Cellist earns 'genius' label with her spectacular skill

Alisa Weilerstein
Pioneer Press

By Rob Hubbard


Is it possible to be a genius of the heart? One generally reserves the "genius" label for great minds that can address challenges in extraordinarily creative ways. But cellist Alisa Weilerstein seems to have earned her lucrative MacArthur Foundation "genius grant" by letting her heart speak through her hands.

Her eloquence emerged in an exquisite performance of Dmitri Shostakovich's First Cello Concerto with the Minnesota Orchestra on Thursday morning. Tackling a tremendously difficult work in the company of guest conductor Kristjan Jarvi and the orchestra, Weilerstein displayed a fascinating blend of strength, gentleness and imagination, her tremendous technique almost as impressive as her emotional depth.

The Shostakovich concerto shared the program with two other 20th-century works by Russian-born composers: Igor Stravinsky's Symphony in Three Movements and Sergei Rachmaninoff's "Symphonic Dances." Rarely will you hear a performance of the Stravinsky symphony so acutely attuned to his erratic rhythms and sparse, unsettling exchanges. Jarvi was a graceful, energetic dancer on the podium, establishing a palpable rapport with the musicians in his Minnesota Orchestra debut.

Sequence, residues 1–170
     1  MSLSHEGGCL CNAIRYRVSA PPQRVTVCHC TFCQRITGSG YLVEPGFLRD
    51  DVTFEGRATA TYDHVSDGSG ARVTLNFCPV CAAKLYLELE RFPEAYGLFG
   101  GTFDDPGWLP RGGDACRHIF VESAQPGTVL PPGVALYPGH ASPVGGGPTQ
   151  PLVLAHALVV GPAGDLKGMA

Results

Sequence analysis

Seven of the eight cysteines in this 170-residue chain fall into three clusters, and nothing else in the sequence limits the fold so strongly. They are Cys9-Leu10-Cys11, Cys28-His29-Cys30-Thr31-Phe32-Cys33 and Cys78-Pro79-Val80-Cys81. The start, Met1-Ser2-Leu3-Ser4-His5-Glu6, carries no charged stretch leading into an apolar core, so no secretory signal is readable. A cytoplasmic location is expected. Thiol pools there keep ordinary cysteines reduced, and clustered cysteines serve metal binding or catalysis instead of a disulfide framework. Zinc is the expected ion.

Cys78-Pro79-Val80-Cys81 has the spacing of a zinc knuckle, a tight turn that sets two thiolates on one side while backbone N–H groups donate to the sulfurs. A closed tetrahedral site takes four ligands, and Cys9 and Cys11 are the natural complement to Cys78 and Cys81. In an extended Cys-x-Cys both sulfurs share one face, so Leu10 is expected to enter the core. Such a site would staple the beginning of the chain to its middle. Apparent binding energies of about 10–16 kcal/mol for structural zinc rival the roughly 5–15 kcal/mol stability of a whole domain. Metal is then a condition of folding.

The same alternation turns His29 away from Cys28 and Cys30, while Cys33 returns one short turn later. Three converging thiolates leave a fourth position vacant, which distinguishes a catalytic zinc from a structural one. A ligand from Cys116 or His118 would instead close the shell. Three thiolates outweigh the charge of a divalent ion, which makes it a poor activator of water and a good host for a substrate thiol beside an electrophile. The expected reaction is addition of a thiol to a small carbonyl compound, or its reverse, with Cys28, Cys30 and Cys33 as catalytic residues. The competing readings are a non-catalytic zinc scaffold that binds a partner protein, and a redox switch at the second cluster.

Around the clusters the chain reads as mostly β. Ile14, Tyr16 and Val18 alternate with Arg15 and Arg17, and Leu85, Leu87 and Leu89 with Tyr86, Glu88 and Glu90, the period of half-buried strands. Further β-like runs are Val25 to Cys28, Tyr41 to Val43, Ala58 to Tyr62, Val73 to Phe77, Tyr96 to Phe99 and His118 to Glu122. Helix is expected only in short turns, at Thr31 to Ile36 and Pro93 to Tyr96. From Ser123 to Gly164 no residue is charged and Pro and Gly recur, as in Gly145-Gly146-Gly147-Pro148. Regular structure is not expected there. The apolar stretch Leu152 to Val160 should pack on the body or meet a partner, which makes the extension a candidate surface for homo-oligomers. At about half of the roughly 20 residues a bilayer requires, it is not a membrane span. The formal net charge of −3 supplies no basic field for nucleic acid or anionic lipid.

It says something about Weilerstein that she can put her own stamp on a demanding work written for and premiered by the 20th century's greatest cellist, Mstislav Rostropovich. He was the first soloist capable of bringing Shostakovich's complex, finger-twisting vision to life, but Weilerstein's interpretation was quite different from his. She brought out the dark ballad lurking in the second movement, her muted pianissimos like a distant cry, her high harmonics haunting.


But she was never more gripping than on the unaccompanied third movement, her quiet power building into a storm of hyperactive urgency. The music was furious and frantic, but Weilerstein was astoundingly precise, compelling audience members to lean forward breathlessly until things came careening to a conclusion on the mad circus parade of a finale. Velvet-toned French horn soloist Herbert Winslow was also exceptional, but Weilerstein made clear that she's a very special cellist with a unique brand of genius.